How to find a good breeder and choose the right puppy

     This page will cover all the pitfalls of finding a breeder, and choosing a puppy - dos and donts - and what to believe and what NOT to believe when contacting breeders and puppy sellers.


     If you want to know right now - just call me on the phone!


     So you have decided that this is the breed for you,  the next step is to find a find a breeder.  Where do you look?  How do you find one? The chances are good that there are no breeders in your home town, city - maybe not even in your state!  Today, the best way to find a breeder is the way you found this site - via the internet.  The search engines already have links to different sites which will, in turn, have links to different breeders' sites and to classified ad puppies for sale sites. You can also go to the AKC website and look for links to regional breed clubs.


     Now things start to get confusing!  How do you decide which of these people to contact?  Which puppy is the right one for you!  If you have been reading some of the advice on the internet it can be even more confusing.  You may have read warnings that you should not buy a puppy over the internet, well this may be true if the seller has more breeds than you can count, usually small and toy breeds.  These sellers are usually brokering puppies from breeders who will drop ship direct to the buyer.  You may have no choice if you really want an Afghan Hound and you do not want to drive several hours one way, stay overnight - or maybe even two - if you want to visit the breeder's home or kennel.  You will have to take the breeder on trust - and this will mean person to person telephone conversations!  The breeder should feel the same way - they will need to talk to you as well, if they care about where their puppies are going or what will happen to them.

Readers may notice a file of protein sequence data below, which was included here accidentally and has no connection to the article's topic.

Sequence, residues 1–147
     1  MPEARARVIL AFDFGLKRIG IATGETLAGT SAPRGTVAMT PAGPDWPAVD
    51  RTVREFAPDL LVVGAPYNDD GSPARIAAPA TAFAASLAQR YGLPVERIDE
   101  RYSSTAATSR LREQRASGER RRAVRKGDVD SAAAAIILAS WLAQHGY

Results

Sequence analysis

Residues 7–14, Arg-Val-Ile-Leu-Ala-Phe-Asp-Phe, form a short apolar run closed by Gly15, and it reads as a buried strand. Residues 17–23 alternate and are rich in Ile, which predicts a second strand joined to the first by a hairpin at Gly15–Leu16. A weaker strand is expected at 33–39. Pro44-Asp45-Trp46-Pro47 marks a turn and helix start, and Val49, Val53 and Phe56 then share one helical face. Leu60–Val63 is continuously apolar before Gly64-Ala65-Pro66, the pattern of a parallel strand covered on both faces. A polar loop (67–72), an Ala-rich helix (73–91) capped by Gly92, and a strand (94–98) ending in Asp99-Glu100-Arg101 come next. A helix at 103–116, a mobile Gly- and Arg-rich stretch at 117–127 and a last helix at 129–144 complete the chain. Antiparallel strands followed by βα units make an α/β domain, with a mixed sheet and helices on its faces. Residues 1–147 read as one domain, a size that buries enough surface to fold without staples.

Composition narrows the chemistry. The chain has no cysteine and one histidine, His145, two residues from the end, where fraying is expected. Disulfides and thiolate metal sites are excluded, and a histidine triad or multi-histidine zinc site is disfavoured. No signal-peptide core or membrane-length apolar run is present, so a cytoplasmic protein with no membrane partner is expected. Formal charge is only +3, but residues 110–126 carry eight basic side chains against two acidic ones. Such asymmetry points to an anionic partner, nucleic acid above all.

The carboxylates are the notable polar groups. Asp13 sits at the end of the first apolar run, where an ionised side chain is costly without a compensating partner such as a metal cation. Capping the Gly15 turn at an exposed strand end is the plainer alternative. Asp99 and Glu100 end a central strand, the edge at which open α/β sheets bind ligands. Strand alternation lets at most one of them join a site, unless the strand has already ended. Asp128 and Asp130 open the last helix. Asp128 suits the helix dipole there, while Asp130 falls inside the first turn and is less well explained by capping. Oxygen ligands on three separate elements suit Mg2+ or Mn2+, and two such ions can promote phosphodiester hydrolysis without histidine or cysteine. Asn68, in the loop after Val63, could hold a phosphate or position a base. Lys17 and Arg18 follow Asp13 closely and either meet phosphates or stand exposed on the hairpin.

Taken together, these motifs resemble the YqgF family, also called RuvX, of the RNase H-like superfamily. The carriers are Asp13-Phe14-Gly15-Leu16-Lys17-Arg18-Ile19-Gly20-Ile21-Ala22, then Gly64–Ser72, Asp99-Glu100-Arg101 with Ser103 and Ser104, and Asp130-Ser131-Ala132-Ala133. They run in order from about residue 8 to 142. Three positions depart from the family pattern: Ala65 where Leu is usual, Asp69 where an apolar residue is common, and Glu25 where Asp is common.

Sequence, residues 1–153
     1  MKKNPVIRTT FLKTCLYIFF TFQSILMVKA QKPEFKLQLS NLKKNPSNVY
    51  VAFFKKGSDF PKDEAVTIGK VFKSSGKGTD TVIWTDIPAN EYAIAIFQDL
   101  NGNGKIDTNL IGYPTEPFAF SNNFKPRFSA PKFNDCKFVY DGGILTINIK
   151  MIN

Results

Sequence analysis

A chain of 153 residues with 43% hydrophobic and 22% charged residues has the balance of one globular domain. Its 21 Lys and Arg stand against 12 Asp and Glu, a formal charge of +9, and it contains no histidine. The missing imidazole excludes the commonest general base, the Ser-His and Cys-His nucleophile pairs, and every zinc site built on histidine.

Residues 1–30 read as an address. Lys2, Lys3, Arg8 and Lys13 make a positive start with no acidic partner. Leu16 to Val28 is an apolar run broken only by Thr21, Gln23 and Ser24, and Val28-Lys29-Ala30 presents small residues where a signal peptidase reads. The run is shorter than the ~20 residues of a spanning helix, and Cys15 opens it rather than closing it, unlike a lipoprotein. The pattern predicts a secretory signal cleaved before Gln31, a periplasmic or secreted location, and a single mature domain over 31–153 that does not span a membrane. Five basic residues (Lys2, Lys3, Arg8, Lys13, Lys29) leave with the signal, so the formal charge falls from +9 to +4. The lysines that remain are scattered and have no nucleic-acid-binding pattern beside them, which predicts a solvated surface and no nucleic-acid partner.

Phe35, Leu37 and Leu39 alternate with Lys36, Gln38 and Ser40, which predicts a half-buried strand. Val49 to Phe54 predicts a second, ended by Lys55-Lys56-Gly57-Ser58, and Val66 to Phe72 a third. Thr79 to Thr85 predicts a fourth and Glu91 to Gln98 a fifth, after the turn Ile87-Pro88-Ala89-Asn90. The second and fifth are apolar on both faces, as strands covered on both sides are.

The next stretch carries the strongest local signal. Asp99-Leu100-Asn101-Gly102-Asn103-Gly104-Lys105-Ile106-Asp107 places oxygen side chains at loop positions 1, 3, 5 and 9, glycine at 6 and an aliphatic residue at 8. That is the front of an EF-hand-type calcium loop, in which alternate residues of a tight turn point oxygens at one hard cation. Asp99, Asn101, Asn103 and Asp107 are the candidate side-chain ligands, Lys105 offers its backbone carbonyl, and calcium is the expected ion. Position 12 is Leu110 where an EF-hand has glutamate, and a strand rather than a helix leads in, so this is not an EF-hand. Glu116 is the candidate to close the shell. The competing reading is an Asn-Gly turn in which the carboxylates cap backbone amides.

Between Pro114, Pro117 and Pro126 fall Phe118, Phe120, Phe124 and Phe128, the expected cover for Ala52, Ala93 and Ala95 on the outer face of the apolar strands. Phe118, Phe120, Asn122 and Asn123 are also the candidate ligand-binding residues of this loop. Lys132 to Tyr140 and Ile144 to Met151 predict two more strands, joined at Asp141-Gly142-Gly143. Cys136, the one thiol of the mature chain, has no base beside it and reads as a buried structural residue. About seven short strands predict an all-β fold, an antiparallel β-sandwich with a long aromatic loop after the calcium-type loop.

You may also have read warnings that you should never buy a puppy that has not been raised "in the home" - and you will see many advertisers who have caught on to this and use it as a selling strategy, using phrases such as "we are small family kennel" and this may be true, but this still does not make them the best breeders! You should ask the puppy seller where the puppies are born, and where do they keep the puppies when they get older? A good breeder will whelp their litters in their home. However,  Afghan Hound puppies are very active and cannot be kept in small pens in the house or basement beyond the first few weeks of infancy, and if not given the opportunity to exercise themselves outdoors and develop properly, they will never reach their full potential as healthy members of the breed.


     Some people say to me "I am only looking for a pet" - well, there is no "ONLY" about it.  If you are seeking a pet, companion, family dog or whatever you want to call it, you are searching for a puppy that you hope will be with you for the next 13 - 15 years, and which will be a very important member of your household. You want a healthy, well reared puppy with a solid structure and a good temperament.  A well bred litter will have parents that have been individually matched with each other to maximise the overall health and quality of the litter.  A good breeder does not breed every female in the kennel to the same male, over and over, every year. Ask the puppy seller how many litters the dam has produced and if every one was sired by the same male!


     An issue covered on most advice sites is that of health testing.  The Afghan Hound, fortunately, is one of the most healthy breeds.  This does not mean that there are no hereditary issues, but any that affect the breed have very low incidence.  Good breeders may know what they have in their kennel but they realise that today they need the certifications to prove it.  Ask the breeder what kennel name they use (it does not have to be a registered kennel name) and go to and look them up - if there are NO dogs or bitches that have been certified by OFA (Orthopedic Foundation For Animals) then chances are good nothing else has been checked either!


     Finally - do TALK to the breeder/seller on the telephone, ask LOTS of questions, a good breeder will be happy to listen and to answer. If they do not seem knowledgeable they may be newcomers - but may have an experienced breeder as a mentor.  Ask where they obtained the dam of the litter. If they seem too anxious to sell a puppy with  no questions asked they will be even less willing to answer questions once the puppy leaves.  Good breeders are there for you 24/7 after the puppy has been sold.  Listen to your gut, your sixth sense, if you have nagging feelings about the seller go to their home or kennel in person and see how you feel then.